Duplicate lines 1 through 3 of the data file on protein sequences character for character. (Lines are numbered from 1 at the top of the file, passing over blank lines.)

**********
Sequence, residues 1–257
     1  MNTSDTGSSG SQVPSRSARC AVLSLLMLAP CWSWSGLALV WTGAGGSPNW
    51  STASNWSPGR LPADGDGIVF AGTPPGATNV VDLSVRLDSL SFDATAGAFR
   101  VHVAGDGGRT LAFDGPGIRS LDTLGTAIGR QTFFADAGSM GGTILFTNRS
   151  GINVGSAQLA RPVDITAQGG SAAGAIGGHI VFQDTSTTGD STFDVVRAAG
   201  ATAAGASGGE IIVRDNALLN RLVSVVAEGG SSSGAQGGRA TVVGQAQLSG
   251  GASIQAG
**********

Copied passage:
Sequence, residues 1–257
     1  MNTSDTGSSG SQVPSRSARC AVLSLLMLAP CWSWSGLALV WTGAGGSPNW
    51  STASNWSPGR LPADGDGIVF AGTPPGATNV VDLSVRLDSL SFDATAGAFR